Publications & Reports

Screening the Medicines for Malaria Venture Pathogen Box for invasion and egress inhibitors of the blood stage of Plasmodium falciparum reveals several inhibitory compounds.

Dans MG, Weiss GE, Wilson DW, Sleebs BE, Crabb BS, de Koning-Ward TF, Gilson PR
Burnet Institute, Melbourne, Victoria 3004, Australia; School of Medicine, Deakin University, Waurn Ponds, Victoria 3216, Australia. Electronic address: [email protected]


With emerging resistance to frontline treatments, it is vital that new drugs are identified to target Plasmodium falciparum. One of the most critical processes during the parasites' asexual lifecycle is the invasion and subsequent egress of red blood cells (RBCs). Many unique parasite ligands, receptors and enzymes are employed during egress and invasion that are essential for parasite proliferation and survival, therefore making these processes druggable targets. To identify potential inhibitors of egress and invasion, we screened the Medicines for Malaria Venture (MMV) Pathogen Box, a 400 compound library against neglected tropical diseases, including 125 with antimalarial activity. For this screen, we utilised transgenic parasites expressing a bioluminescent reporter, nanoluciferase (Nluc), to measure inhibition of parasite egress and invasion in the presence of the Pathogen Box compounds. At a concentration of 2 microM, we found 15 compounds that inhibited parasite egress by >40% and 24 invasion-specific compounds that inhibited invasion by >90%. We further characterised 11 of these inhibitors through cell-based assays and live cell microscopy, and found two compounds that inhibited merozoite maturation in schizonts, one compound that inhibited merozoite egress, one compound that directly inhibited parasite invasion and one compound that slowed down invasion and arrested ring formation. The remaining compounds were general growth inhibitors that acted during the egress and invasion phase of the cell cycle. We found the sulfonylpiperazine, MMV020291, to be the most invasion-specific inhibitor, blocking successful merozoite internalisation within human RBCs and having no substantial effect on other stages of the cell cycle. This has significant implications for the possible development of an invasion-specific inhibitor as an antimalarial in a combination based therapy, in addition to being a useful tool for studying the biology of the invading parasite.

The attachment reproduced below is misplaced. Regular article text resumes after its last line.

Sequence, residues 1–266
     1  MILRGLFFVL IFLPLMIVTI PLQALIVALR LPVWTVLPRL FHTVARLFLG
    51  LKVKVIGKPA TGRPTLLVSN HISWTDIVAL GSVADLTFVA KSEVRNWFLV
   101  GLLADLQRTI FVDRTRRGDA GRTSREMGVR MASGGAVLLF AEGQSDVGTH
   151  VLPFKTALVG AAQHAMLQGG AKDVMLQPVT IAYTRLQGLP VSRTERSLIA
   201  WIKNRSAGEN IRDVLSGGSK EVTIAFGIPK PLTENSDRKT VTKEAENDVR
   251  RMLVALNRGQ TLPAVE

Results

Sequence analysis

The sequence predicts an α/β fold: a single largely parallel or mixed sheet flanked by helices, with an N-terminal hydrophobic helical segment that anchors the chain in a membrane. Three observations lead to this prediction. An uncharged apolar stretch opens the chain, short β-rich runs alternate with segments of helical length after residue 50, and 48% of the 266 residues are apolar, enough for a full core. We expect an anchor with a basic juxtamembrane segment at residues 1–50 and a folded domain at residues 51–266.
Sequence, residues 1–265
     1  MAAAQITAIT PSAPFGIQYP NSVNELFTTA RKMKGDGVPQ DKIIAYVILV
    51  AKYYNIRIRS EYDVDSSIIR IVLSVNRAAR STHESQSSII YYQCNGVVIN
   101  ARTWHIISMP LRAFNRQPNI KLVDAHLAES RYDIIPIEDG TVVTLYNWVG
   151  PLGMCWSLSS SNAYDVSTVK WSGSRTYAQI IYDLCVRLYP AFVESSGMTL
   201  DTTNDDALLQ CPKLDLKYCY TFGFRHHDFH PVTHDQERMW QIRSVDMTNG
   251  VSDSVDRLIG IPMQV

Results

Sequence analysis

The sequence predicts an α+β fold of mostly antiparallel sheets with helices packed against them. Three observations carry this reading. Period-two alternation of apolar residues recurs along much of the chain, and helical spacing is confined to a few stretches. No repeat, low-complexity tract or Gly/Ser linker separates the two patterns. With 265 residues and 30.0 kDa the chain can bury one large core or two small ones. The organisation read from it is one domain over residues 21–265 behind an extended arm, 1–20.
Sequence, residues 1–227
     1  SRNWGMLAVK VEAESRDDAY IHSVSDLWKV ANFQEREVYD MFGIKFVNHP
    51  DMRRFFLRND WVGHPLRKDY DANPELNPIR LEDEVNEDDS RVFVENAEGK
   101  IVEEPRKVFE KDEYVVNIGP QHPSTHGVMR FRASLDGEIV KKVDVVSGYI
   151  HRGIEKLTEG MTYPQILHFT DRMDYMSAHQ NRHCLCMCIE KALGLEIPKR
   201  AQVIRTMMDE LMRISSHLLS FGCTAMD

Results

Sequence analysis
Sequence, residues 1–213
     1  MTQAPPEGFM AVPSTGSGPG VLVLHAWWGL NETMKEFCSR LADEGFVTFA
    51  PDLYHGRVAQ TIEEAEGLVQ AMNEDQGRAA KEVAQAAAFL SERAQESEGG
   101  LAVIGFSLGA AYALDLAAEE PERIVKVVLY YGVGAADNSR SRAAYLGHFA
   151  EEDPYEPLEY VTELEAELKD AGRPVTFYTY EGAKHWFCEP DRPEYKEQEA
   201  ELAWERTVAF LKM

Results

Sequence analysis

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This work was supported by the Victorian Operational Infrastructure Support Program, Australia received by the Burnet Institute, Australia. We acknowledge Medicines for Malaria Venture (MMV) for providing access to the MMV Pathogen Box and the Australian Red Cross Blood Bank for the provision of human blood. M.G.D is a recipient of an Australian Government Research Training Program Scholarship, G.E.W a Peter Doherty - Australian Biomedical Fellowship, B.E.S a Development Grant 1113712, (National Health and Medical Research Council (NHMRC)), Australia ,D.W.W and B.E.S (NHMRC), Australia, Project Grant APP1143974, and T.F.dK-W a NHMRC Senior Research Fellowship. B.E.S. is a Corin Centenary Fellow (Walter and Eliza Hall Institute (WEHI)), Autralia, D.W.W is a University of Adelaide, Australia, Beacon Fellow. We thank Alan Cowman, WEHI, Australia, for providing the R1 peptide and Monash Micro Imaging, Australia for assistance with microscopy.


  • Journal: International Journal for Parasitology
  • Published: 03/03/2020
  • Volume: 50
  • Issue: 3
  • Pagination: 235-252